O, how the mighty have fallen. With a heavy heart, a heavy hand, and tears in my eyes, I write this small tribute to a true lover of Israel, a lover of Jewish “TRADITION,” a gentleman’s gentleman, a kind and giving person, an actor who was graced with Divine Inspiration when he sang the songs from “Fiddler on the Roof,” and an artist of universal proportions, loved and respected around the world.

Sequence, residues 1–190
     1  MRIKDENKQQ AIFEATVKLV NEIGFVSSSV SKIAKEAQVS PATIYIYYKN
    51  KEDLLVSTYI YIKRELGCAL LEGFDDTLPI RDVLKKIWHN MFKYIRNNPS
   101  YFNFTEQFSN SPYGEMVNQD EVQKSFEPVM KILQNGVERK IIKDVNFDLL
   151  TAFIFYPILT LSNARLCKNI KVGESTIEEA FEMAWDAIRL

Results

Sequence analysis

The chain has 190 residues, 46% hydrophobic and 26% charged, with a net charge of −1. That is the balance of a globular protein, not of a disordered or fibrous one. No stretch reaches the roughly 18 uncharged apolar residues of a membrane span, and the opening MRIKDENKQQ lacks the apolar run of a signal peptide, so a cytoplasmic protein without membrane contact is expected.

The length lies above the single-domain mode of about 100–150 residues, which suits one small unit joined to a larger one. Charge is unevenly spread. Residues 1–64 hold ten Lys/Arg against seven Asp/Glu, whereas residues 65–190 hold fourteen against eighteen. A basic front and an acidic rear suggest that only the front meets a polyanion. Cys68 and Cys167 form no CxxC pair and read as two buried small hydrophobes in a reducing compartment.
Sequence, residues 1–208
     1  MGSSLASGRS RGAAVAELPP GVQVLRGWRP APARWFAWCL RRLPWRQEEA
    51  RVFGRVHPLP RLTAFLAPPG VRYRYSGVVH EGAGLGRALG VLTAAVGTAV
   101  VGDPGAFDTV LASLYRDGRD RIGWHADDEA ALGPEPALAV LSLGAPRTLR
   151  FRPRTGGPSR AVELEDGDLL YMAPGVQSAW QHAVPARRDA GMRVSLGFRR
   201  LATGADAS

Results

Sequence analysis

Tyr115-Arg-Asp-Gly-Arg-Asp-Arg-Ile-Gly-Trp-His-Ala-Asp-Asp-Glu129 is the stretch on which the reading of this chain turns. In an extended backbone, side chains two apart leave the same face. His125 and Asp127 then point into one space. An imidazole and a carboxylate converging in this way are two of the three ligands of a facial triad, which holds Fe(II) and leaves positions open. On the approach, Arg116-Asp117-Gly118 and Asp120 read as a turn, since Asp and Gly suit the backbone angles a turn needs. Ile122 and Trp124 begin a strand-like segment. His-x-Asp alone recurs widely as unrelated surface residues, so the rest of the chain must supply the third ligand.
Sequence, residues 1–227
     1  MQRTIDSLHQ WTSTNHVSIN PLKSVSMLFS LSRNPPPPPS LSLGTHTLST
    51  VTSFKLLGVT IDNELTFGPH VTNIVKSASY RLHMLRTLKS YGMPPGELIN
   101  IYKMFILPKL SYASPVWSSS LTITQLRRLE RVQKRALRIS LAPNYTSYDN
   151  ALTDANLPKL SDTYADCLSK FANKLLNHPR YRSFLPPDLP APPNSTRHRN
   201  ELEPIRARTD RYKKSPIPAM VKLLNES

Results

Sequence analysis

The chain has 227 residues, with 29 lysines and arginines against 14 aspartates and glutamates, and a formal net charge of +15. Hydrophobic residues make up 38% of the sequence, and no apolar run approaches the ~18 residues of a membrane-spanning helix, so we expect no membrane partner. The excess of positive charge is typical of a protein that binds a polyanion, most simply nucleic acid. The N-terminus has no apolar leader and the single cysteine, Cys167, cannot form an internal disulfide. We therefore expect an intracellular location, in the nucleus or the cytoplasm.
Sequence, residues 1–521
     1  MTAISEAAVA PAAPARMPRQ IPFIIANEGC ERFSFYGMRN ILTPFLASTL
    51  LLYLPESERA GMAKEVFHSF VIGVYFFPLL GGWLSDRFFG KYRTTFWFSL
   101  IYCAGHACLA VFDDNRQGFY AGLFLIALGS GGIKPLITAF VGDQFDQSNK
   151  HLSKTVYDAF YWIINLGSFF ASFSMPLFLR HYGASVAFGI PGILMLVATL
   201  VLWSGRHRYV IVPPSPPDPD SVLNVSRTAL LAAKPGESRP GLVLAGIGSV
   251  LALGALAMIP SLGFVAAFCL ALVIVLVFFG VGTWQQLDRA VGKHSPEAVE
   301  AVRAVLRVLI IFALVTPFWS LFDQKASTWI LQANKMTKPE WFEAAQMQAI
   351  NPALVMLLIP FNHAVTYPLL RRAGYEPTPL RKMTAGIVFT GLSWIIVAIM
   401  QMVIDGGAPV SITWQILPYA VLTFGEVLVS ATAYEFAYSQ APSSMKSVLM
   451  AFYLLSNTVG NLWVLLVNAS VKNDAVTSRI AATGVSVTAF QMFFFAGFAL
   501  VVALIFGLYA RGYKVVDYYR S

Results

I first met Topol, 28 years ago just before the publication of my novel, “Tevye in the Promised Land” which brings Sholom Aleichem’s world-famous milkman from Anatevka to Eretz Yisrael with his daughters to become pioneer settlers of the Holy Land. Yisrael Goldberg, whose company Pirsumei Yisrael published the novel, gave me Topol’s phone number. I called the legendary actor to ask if he would read the manuscript before publication and maybe give me a blurb about the fictional saga for the cover of the book. His wife answered the phone. I explained who I was and what I wanted. “Haim,” she called. “It’s for you.” I can clearly recall the sound of his famous baritone voice over the telephone. For me it was a dream come true. Some three decades before, when I was an assimilated teenager in America, I saw the film of “Fiddler on the Roof” and experienced a cultural and religious epiphany. Tevye was the first Jewish hero I had seen in the movies. A shlepper of a hero, yes. A downtrodden victim, yes. But all the same, the character of Tevye was a giant figure of a Jew, a worrying, oppressed but courageous survivor, a valiant upholder of TRADITION who commanded the silver screen for two-and-one-half hours with his larger-than-life performance. The movie blew me away and Topol’s life-filled Tevye lit a spark in my soul. Call it a connection to Jewish Tradition. Call it an awakening of Jewish Pride. After watching the movie I was a different person. So for me, hearing Topol’s resonating deep voice over the telephone was a dream come true.